Ladies and gentlemen, I've said this before: require() is the wrong way to load an R package; use library() instead #useR2014— Yihui Xie (@xieyihui) July 2, 2014



After I tweeted about it, some useRs seemed to be unhappy and asked me why. Both require() and library() can load (strictly speaking, attach) an R package. Why should not one use require()? The answer is pretty simple. If you take a look at the source code of require (use the source, Luke, as Martin Mächler mentioned in his invited talk), you will see that require() basically means "try to load the package using library() and return a logical value indicating the success or failure". In other words, library() loads a package, and require() tries to load a package. So when you want to load a package, do you load a package or try to load a package? It should be crystal clear.

One bad consequence of require() is that if you require('foo') in the beginning of an R script, and use a function bar() in the foo package on line 175, R will throw an error object "bar" not found if foo was not installed. That is too late and sometimes difficult for other people to understand if they use your script but are not familiar with the foo package -- they may ask, what is the bar object, and where is it from? When your code is going to fail, fail loudly, early, and with a relevant error message. require() does not signal an error, and library() does.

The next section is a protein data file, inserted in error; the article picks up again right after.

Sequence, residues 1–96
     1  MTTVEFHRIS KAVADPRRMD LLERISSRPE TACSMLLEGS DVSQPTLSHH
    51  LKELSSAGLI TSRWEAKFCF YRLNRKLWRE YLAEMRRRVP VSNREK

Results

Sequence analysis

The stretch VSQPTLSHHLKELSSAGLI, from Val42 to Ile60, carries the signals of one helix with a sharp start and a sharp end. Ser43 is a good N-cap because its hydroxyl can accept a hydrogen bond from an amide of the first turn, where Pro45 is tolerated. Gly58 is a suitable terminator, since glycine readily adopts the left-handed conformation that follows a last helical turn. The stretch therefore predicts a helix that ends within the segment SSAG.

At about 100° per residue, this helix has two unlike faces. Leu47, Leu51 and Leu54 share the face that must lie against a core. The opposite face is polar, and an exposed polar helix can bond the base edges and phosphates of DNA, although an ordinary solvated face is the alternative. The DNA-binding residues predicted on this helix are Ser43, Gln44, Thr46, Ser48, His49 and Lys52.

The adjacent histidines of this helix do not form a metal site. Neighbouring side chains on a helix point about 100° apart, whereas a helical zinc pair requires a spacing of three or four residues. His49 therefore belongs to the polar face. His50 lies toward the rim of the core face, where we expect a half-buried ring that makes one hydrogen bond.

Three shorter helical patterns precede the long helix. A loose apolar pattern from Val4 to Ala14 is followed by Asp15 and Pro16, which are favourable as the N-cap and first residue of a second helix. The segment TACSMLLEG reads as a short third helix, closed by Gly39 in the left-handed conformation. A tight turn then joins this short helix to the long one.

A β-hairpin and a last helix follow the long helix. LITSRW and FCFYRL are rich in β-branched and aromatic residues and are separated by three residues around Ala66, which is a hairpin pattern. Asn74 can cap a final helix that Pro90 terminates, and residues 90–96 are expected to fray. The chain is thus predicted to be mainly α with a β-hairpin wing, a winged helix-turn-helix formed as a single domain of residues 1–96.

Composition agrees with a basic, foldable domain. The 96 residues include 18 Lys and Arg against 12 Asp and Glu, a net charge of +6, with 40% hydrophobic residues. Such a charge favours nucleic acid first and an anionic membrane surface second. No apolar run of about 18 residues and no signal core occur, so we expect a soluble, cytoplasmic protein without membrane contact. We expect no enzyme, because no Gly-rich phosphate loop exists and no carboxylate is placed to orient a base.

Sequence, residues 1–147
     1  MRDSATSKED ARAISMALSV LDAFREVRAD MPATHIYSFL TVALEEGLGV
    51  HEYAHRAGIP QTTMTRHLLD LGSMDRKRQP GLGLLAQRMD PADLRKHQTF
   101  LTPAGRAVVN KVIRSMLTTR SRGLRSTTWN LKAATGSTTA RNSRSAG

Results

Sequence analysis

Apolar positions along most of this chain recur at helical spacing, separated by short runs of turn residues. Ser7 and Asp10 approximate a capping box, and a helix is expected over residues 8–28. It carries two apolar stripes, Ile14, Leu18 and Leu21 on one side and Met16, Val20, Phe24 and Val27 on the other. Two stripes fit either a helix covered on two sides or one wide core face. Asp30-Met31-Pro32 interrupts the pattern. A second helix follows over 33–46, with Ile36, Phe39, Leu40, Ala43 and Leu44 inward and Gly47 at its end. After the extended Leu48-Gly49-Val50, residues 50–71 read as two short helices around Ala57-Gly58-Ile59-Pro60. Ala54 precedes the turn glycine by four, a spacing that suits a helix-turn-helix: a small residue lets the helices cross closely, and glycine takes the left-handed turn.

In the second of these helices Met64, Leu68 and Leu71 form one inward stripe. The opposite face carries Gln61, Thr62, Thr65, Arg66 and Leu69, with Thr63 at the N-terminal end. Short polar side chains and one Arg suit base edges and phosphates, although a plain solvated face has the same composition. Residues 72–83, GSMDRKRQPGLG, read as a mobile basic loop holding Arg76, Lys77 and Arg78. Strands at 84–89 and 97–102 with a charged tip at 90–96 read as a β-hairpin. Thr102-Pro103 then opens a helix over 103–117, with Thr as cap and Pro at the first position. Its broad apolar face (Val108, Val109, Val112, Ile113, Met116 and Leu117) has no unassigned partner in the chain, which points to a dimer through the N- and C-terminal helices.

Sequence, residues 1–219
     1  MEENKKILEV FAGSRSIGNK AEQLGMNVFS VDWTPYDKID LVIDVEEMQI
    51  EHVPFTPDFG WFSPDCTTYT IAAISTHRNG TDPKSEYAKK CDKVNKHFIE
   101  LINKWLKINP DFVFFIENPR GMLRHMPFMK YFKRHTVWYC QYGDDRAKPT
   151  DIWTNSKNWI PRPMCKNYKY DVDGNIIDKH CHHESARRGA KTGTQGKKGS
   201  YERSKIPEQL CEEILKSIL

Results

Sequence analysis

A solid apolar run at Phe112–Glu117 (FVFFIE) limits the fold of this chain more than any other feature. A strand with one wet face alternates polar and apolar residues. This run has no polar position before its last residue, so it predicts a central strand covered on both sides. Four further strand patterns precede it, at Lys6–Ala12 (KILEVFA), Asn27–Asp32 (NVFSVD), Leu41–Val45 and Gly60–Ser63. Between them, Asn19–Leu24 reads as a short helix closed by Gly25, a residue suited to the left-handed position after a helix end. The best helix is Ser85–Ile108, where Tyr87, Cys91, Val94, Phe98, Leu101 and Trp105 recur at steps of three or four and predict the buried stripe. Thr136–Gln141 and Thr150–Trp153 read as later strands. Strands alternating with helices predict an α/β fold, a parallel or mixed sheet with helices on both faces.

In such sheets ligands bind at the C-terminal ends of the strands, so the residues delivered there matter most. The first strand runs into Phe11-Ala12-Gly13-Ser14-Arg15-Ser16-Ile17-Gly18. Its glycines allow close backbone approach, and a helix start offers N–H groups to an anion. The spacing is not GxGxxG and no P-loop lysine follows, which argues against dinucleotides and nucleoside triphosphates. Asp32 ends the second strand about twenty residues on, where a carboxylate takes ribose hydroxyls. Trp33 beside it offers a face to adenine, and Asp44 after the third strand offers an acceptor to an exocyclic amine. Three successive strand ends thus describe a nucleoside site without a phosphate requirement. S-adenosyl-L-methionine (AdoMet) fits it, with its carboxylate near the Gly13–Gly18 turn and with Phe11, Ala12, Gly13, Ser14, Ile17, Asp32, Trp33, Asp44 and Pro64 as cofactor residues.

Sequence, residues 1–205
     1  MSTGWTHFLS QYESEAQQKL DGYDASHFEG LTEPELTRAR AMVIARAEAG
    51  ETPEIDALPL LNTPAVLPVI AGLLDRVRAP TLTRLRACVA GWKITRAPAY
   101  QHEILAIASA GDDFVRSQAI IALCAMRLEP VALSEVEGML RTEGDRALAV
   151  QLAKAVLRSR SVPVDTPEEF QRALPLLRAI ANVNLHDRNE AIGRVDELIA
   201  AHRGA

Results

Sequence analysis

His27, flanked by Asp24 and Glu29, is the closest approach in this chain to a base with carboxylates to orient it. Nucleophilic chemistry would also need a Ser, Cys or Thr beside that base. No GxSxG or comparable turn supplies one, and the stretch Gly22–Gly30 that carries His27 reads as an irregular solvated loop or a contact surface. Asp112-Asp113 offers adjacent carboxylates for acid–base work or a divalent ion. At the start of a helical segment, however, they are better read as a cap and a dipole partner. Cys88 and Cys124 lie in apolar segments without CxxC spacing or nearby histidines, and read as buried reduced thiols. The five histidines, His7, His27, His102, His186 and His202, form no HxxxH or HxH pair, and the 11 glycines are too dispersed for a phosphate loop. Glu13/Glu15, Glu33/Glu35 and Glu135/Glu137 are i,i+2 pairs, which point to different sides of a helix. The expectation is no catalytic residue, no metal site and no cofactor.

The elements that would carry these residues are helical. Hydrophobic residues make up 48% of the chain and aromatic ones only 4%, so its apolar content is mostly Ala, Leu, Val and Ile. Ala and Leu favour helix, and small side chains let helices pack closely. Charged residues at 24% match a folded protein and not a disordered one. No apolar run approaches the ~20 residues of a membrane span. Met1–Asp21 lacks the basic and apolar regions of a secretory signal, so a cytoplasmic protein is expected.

Sometimes you do need require() to use a package conditionally (e.g. the sun is not going to explode without this package), in which case you may use an if statement, e.g.

if (require('foo')) {
awesome_foo_function()
} else {
warning('You missed an awesome function')
}



But it is common to see R code like this as well:

if (!require('foo')) {
stop('The package foo was not installed')
}



Sigh.



library('foo') stops when foo was not installed

require() is basically try(library())


Then if (!require('foo')) stop() is basically "if you failed to try to load this package, please fail". I do not quite understand why it is worth the circle, except when one wants a different error message with the one from library(), otherwise one can simply load and fail.

There is one legitimate reason to use require(), though, and that is, "require is a verb and library is a noun!" I completely agree. require should have been a very nice name to choose for the purpose of loading a package, but unfortunately... you know.